Silver Spring, MD
Déjà vu. I’m sitting across from Dr. Penguin, rocking nervously. Gee, I'd sure like to stay off the floor and not lapse into a hundred voices. And knowing I would be in such a state at the beginning of the session, B was prepared to be the initial speaker. In anticipation of that reality, I had dictated on the drive down what I wanted him to say, and not say, having failed to do that when we went to see Dr. Cuckoo. Not that it would’ve mattered to Rip Van Winkle as it turns out.
However, prior experience with Dr. Penguin has taught me that she will most definitely not sleep through the session. On the other hand, I also can’t trust her not to go all female on me if she learns of my self-destructive tendencies. Women are so damn emotional. I don’t care if they are trained therapists. You just can’t take the woman out of the therapist. Simple.
As I listen to B, I’m relieved he only gives the barest details of what has been going on. Eventually, he winds down, and she addresses me.
“Liz, why don’t you tell me what’s been happening since you’ve been out of the hospital.”
The rocking subsides as I hear the gentleness in her voice. “I’m not sure. One minute I’m me, the next I’m some crazy lunatic crawling around on my hands and knees wailing in childish voices I can’t control.
Nodding sympathetically, she carefully replies, “About the voices, Liz. Are they angry, sad, scared . . . what?”
“Hmm . . . scared. Then again, it’s mostly childish babble. But sometimes, I’ll find myself singing stupid nursery rhymes. Really weird stuff.” I pause, as my senses suddenly go on high alert, like a wolf surveying its territory. Narrowing my eyes, I say brusquely, “That’s it.”
She smiles warmly, and I relax a bit. “Well, it’s too early to assess what’s really going on here, Liz, but I can already see that you’re exhibiting many of the symptoms of Post-Traumatic Stress Disorder. A few years ago, I started to explain what PTSD is, but you left before I could work you through it.” She hesitates. “This time, we have to dig deeper in order for us to get at the bottom of these terrible panic attacks.” She hesitates again. “Why didn’t you come back to therapy a few years ago, Liz?”
I shrug. “Didn’t think we needed to explore my childhood. Nothing really bad happened to me when I was growing up. Maybe a couple of minor incidents is all. Anyway, what’s done is done. It's simply a case of mind over matter now.” I rock a little harder, then mutter, “Problem is, if you don’t have a mind, all bets are off.” Louder, I continue, “So, I’m willing to do whatever it takes to get back on track. But I gotta be honest here, Pen. I don’t think PTSD is the main problem.” I explain about my breakdown at twenty-one and what Dr. Bow Tie Freud’s diagnosis had been. “Do you think he’s right? Am I just a walking mental case?”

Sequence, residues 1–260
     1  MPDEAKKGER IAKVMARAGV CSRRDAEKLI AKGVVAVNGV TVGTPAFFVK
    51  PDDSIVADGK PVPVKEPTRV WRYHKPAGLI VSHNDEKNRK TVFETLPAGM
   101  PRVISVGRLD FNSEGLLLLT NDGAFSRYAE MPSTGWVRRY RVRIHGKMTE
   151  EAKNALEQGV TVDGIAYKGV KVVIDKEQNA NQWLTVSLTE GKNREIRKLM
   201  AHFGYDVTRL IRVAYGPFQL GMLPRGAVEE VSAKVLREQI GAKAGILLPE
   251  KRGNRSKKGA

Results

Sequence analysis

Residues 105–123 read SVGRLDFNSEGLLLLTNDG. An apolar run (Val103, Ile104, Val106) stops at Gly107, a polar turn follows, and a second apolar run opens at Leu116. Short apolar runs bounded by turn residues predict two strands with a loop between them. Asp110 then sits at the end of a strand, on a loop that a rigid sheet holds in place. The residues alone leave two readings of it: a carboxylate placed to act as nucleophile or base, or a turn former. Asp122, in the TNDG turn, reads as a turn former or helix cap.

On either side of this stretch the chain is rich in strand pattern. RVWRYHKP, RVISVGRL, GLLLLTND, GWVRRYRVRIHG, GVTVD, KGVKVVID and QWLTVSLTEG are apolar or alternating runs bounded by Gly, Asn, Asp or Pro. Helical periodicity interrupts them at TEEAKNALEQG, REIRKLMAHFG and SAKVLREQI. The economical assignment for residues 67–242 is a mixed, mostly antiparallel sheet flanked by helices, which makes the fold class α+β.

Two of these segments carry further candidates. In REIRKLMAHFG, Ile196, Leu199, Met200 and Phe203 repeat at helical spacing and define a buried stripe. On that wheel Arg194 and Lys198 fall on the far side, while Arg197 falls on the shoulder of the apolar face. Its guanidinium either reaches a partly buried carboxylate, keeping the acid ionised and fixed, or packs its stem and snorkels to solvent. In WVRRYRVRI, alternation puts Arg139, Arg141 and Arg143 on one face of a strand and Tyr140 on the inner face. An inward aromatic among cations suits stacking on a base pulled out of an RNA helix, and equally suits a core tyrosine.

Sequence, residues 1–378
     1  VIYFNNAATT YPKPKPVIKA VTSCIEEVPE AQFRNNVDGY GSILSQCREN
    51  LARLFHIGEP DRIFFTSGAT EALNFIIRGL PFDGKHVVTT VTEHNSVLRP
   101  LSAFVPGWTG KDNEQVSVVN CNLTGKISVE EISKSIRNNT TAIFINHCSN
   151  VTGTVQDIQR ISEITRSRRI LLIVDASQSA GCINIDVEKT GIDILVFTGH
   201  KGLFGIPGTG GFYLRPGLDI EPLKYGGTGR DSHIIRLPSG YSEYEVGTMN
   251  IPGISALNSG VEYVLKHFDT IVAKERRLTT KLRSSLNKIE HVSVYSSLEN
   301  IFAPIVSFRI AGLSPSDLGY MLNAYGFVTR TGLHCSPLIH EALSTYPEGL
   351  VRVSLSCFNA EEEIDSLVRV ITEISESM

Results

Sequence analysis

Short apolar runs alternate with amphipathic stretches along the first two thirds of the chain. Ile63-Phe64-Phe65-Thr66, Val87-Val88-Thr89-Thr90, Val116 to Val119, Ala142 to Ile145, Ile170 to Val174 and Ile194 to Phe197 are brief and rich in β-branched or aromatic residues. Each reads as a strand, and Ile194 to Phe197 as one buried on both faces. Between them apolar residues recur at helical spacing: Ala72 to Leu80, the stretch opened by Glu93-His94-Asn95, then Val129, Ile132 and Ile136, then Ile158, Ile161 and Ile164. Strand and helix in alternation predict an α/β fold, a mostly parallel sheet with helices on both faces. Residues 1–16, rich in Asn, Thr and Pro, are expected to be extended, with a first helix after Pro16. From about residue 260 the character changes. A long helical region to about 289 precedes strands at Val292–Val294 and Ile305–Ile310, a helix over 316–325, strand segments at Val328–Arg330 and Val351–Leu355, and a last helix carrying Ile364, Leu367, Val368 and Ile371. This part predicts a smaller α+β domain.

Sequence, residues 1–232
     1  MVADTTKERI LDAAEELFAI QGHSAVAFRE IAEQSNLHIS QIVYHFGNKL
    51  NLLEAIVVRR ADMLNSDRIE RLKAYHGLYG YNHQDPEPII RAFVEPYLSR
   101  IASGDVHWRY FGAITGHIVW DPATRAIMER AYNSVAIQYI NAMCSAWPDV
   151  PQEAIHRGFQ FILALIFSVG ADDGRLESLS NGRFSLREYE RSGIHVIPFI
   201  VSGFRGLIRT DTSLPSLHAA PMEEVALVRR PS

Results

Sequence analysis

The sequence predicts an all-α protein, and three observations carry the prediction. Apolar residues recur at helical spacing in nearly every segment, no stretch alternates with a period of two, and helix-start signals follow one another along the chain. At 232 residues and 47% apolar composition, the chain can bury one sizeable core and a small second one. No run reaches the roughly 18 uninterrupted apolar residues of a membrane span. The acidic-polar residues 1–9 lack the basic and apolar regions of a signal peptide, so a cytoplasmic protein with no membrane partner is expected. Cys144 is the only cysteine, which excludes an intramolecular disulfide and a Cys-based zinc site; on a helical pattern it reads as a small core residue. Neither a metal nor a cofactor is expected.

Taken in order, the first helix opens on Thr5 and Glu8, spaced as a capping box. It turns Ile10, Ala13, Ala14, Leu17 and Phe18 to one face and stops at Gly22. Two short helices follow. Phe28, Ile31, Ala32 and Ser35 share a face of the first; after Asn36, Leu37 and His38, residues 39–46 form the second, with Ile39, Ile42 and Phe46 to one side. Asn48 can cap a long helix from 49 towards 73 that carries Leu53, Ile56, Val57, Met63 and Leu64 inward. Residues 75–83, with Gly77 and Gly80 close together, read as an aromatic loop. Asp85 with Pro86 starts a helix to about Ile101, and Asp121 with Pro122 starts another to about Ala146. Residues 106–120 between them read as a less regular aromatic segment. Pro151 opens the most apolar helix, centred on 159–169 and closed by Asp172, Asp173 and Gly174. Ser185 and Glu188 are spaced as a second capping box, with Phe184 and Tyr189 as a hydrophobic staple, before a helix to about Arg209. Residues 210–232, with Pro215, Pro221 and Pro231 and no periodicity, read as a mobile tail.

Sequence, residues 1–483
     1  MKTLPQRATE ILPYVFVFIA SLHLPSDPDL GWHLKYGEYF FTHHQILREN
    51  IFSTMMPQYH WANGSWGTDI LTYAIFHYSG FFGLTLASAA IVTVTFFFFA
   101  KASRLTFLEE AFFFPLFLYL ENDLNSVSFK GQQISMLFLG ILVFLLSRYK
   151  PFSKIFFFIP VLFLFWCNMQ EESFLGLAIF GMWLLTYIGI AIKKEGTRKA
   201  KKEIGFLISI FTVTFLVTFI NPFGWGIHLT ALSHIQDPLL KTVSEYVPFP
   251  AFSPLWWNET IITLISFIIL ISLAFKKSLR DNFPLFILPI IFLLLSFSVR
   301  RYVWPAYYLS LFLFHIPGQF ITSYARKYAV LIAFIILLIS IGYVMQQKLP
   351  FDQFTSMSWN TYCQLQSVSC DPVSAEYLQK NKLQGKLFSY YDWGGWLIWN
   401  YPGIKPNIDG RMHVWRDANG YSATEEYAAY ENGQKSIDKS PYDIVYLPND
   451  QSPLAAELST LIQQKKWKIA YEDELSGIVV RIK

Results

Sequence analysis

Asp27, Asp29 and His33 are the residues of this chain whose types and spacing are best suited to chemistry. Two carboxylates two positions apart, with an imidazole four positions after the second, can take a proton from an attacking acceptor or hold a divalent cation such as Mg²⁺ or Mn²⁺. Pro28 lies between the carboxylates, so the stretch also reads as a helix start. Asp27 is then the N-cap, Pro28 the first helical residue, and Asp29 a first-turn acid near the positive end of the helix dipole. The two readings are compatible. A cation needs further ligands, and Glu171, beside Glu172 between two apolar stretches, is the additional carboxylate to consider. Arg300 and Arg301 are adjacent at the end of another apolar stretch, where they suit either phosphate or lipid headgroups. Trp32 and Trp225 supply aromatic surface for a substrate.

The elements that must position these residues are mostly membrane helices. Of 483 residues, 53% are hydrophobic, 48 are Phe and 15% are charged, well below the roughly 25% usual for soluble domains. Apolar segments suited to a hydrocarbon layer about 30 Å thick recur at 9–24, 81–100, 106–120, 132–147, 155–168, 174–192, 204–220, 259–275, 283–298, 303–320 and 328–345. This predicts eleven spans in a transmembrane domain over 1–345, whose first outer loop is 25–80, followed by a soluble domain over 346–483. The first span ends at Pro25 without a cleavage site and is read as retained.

“Like I said, Liz, it’s way too early to assess what may be wrong, but I’m glad you told me that.” She scribbles something down and looks at her watch. “For the next session, I’d like you to start a journal. I want you to begin by drawing a family circle, listing parents, grandparents, siblings, aunts and uncles. And then write a brief synopsis of your relationship with each, good or bad.” She smiles.
B asks her how often I should come to therapy. She replies firmly, once a week. I ask her if these panic episodes will lessen. She says yes, in time they will.
I stand up feeling very relieved, thank her and set another appointment. As I walk out the door, I also feel real hope that I’ll eventually be normal again, and this whole last couple of months of nightmare will fade away leaving nary a scar on my psyche.
Unfortunately, that warm inspirational fuzzy lasts all of five seconds, before Psycho Voice emerges and tosses a grenade in my direction.
“Hey, Lizzie, once upon a Greek myth, Zeus gave Pandora a jar with all the evils of the world in it. Then he tells her not to open it. I know, stupid right? ‘Cos of COURSE she opened it! Then guess what? All hell broke loose!”